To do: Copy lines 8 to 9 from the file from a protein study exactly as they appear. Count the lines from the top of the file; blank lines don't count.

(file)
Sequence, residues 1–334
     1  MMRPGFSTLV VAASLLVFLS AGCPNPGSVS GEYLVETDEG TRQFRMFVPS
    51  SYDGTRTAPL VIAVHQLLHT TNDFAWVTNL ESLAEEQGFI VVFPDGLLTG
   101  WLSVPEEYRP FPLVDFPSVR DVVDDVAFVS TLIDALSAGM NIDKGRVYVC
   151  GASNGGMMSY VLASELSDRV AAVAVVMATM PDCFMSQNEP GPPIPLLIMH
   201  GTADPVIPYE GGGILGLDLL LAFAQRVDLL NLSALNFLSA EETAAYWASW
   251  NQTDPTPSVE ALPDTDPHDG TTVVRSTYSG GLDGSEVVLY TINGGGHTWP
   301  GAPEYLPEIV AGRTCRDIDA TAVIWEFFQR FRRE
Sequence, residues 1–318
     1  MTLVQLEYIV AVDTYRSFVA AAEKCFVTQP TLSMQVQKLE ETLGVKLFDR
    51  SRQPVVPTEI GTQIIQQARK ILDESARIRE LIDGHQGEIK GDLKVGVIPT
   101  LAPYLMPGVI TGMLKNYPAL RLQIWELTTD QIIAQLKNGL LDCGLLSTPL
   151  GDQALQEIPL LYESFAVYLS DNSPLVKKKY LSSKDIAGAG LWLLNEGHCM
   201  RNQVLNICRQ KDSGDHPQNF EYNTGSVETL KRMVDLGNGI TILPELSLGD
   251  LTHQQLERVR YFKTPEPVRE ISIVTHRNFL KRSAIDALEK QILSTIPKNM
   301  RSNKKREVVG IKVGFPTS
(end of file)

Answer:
   301  GAPEYLPEIV AGRTCRDIDA TAVIWEFFQR FRRE
Sequence, residues 1–318